P. polymyxa E681 was grown in 5 L of KL medium at 27°C until they reached the end of the stationary phase (24 h). The liquid culture medium was then centrifuged (12,000 ×g, 30 min), filtered through 0.2-µm filters and heated at 110°C for 10 min. The clarified culture medium was then applied to a CM-Trisacryl column (2 by 10 cm) equilibrated in 25 mM Tris-HCl (pH 8.5). A NaCl gradient of 100 ml (0 to 0.5 M) was used in the same buffer to elute the active components at a flow rate of 1 ml/min. A fraction (1 ml) was collected and tested for antagonistic activities. The active fractions were pooled, diluted three times with Milli-Q water, and applied to another CM-Trisacryl column (2 by 5 cm). Purified materials were eluted with 30 ml of 0.1 M NH4OH at pH 11 and were concentrated and further purified with a C18 Sep-Pack cartridge (Waters, USA) by following the manufacturer’s protocol. Active compounds were eluted from the cartridge in 100% methanol. The methanol was evaporated under reduced pressure and the antagonistic factor was obtained as a white powder that was soluble in methanol.

Mixtures of fusaricidin A and B (denoted as fusaricidin) and its four analogs were isolated from the methanol extract of P. polymyxa E681 by high-pressure liquid chromatography (HPLC). The methanol extract of the cell pellet was analyzed by LC/MS (Shimadzu, Japan) using a mixed solvent of water and acetonitrile containing 0.1% formic acid at a rate of 0.2 ml/min. To make the fusaricidin linearized, it was hydrolyzed by MeOH-H2O-28% aqueous NH3 (4:1:1, pH 9.0) or esterase for 24 h according to the method of Kuroda et al. [8].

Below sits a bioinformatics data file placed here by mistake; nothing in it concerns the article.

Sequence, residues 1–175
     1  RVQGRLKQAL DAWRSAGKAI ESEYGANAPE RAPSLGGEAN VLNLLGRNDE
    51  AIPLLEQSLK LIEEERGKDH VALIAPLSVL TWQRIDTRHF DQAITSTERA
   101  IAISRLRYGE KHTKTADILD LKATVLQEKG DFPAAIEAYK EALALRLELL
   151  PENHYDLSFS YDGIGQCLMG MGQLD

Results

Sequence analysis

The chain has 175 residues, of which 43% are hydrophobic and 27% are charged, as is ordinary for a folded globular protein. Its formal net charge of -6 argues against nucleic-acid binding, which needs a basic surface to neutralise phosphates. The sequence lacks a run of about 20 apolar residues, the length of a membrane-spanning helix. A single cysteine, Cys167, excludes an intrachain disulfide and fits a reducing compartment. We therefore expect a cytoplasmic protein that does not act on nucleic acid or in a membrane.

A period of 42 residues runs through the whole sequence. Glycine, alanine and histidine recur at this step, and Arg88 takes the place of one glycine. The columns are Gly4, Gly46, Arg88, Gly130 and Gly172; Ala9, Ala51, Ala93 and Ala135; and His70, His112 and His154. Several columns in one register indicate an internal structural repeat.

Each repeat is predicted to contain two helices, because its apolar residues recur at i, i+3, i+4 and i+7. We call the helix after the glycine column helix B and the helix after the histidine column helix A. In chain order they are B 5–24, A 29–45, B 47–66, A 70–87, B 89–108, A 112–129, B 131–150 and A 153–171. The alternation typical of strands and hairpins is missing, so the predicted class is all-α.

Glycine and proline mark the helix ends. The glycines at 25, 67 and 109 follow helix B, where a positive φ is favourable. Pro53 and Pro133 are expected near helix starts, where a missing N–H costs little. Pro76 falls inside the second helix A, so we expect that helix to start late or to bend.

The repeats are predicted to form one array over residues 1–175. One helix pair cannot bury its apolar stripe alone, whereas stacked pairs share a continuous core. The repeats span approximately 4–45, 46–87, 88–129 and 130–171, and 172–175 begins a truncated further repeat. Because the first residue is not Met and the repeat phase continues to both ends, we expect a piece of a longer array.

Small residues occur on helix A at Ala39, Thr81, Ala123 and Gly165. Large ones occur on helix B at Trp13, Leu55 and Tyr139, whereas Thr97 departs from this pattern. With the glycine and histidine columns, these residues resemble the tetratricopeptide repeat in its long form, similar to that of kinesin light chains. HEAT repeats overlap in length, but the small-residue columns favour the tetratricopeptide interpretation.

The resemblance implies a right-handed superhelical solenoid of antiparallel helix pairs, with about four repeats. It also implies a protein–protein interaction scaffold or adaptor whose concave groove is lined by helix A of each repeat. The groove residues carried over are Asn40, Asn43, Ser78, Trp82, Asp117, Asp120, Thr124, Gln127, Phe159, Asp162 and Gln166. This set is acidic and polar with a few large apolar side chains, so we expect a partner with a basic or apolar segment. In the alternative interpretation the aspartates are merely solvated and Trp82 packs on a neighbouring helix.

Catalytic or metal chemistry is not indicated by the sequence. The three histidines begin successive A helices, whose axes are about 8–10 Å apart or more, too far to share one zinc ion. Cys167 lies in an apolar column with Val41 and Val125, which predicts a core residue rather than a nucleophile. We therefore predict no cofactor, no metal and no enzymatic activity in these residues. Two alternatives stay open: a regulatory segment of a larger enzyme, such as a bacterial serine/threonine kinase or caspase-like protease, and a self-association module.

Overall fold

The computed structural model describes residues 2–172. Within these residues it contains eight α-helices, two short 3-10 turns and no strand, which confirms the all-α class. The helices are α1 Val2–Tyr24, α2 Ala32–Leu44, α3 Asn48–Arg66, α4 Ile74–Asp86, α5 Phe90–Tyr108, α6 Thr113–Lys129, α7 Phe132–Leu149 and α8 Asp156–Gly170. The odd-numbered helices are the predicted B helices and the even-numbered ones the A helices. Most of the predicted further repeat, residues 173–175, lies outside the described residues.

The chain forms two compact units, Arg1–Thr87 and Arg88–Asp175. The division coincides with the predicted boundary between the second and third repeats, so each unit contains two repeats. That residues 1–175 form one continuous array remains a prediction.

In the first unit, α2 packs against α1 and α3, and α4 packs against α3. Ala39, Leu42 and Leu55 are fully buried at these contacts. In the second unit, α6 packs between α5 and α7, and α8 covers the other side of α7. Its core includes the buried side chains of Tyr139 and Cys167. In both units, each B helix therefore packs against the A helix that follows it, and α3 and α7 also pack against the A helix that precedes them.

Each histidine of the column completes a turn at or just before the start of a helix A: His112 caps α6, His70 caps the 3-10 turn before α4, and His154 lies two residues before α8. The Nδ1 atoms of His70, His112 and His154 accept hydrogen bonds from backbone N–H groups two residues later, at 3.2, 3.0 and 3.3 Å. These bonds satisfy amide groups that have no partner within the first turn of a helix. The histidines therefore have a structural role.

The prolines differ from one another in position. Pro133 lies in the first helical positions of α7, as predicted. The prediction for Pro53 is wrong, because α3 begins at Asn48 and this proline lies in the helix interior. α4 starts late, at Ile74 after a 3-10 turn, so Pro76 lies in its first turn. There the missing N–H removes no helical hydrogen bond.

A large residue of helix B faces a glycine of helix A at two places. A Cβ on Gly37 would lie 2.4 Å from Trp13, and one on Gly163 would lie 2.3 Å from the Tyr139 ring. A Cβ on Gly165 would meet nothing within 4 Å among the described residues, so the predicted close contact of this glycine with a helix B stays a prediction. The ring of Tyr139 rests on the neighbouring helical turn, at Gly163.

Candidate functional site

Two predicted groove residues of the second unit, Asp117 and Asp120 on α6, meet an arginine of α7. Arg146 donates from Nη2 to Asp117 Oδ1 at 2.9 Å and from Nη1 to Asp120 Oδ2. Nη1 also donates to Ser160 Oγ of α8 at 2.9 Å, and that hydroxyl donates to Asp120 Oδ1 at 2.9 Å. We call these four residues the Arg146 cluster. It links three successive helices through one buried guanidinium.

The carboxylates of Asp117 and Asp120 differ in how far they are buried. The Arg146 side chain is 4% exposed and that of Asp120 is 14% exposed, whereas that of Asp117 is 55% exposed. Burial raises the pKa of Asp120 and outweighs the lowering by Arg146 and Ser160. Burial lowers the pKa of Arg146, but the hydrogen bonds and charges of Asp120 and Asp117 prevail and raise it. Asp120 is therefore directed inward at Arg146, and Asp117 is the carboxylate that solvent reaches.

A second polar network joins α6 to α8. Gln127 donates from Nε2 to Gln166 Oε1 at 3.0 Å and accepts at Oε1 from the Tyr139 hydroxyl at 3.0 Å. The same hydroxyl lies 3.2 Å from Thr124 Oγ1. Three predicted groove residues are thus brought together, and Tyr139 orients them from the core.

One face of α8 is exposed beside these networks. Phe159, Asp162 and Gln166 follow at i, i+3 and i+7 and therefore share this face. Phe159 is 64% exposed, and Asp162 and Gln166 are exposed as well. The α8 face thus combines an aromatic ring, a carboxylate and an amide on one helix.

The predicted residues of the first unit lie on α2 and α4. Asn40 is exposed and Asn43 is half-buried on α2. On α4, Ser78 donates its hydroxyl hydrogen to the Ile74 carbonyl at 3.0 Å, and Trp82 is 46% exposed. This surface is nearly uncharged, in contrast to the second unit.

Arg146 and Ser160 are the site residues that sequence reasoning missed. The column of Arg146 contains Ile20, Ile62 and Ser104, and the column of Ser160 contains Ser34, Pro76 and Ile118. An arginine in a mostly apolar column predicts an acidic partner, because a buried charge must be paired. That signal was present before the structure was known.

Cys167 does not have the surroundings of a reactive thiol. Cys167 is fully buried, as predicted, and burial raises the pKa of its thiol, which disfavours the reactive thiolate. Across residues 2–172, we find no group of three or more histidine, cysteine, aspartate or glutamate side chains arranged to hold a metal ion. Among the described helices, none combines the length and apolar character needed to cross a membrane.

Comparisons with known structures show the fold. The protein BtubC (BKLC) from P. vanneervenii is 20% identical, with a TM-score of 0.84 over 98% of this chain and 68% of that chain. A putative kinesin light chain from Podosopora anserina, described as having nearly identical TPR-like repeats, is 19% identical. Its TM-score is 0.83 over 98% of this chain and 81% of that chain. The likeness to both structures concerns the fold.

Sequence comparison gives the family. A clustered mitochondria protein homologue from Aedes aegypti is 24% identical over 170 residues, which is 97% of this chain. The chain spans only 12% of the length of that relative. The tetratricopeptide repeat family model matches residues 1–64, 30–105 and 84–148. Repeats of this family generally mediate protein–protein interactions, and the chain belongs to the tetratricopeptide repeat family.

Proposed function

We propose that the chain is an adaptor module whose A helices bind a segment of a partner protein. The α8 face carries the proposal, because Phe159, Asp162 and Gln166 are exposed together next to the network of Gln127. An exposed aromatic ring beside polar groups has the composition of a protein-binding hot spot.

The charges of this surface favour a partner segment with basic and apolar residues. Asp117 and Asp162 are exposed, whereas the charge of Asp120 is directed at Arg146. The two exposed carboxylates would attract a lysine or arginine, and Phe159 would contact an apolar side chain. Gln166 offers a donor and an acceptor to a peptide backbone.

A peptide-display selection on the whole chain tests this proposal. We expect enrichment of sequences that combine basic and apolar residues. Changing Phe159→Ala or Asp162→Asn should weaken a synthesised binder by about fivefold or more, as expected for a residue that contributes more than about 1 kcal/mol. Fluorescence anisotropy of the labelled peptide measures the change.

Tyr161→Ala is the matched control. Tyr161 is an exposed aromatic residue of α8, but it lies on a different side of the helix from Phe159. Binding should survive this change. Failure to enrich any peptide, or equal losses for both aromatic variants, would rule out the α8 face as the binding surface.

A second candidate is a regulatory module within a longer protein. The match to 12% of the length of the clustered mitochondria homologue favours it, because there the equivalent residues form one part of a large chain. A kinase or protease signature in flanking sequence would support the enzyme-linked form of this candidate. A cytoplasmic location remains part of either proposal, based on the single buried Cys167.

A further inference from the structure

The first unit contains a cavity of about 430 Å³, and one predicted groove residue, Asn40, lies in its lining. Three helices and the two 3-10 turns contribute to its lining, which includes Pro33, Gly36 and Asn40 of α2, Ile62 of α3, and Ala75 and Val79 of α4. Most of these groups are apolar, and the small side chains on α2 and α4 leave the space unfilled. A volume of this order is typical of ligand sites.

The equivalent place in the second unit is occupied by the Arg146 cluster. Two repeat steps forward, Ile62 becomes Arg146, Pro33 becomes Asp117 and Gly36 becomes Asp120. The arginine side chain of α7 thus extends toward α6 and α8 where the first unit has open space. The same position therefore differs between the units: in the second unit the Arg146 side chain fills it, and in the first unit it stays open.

Growth Inhibition Activity Assays

The growth inhibition activity of purified fusaricidin and its analogs was measured against Gram-positive and Gram-negative bacteria using the disk diffusion method. LB plates were spread with Gram-positive bacteria (M. luteus KCTC 1056, B. subtilis KCTC 1022, S. aureus KCTC 1621 and S. aureus KCTC 1916) and Gram-negative bacteria (E. coli KCTC 2443 and E. carotovora). Also, for polymyxin E activity, P. polymyxa E681 was cultured in KL medium at 30°C for 24 h. After centrifugation of the culture, the cell pellet was extracted with methanol. The growth inhibition of the mixture of cell extract and supernatant were measured using the disk diffusion method.

Chlorophyll-a and Cell Count

Isolated M. aeruginosa KW was cultured in BG-11 liquid medium (pH 7.5) under 120 µmol Photons/m2/s1 provided by cool white fluorescent tubes at 27 ± 1°C. The cell numbers of M. aeruginosa were counted using an optical microscope. Before counting, the cell suspensions of M. aeruginosa were briefly sonicated to disperse any aggregated cell clusters. To determine the chlorophyll-a fraction, samples were filtered using filter paper (Whatman GF/C), then extracted using chloroform-methanol (2:1 (v/v)) [10]. The concentration of chlorophyll-a was then measured by a Turner Quantech fluorometer (Barnstead/Thermolyne, USA) based on a predetermined standard curve programmed into the fluorometer. A blank sample of chloroform was measured and all the readings were readjusted with the blank sample reading.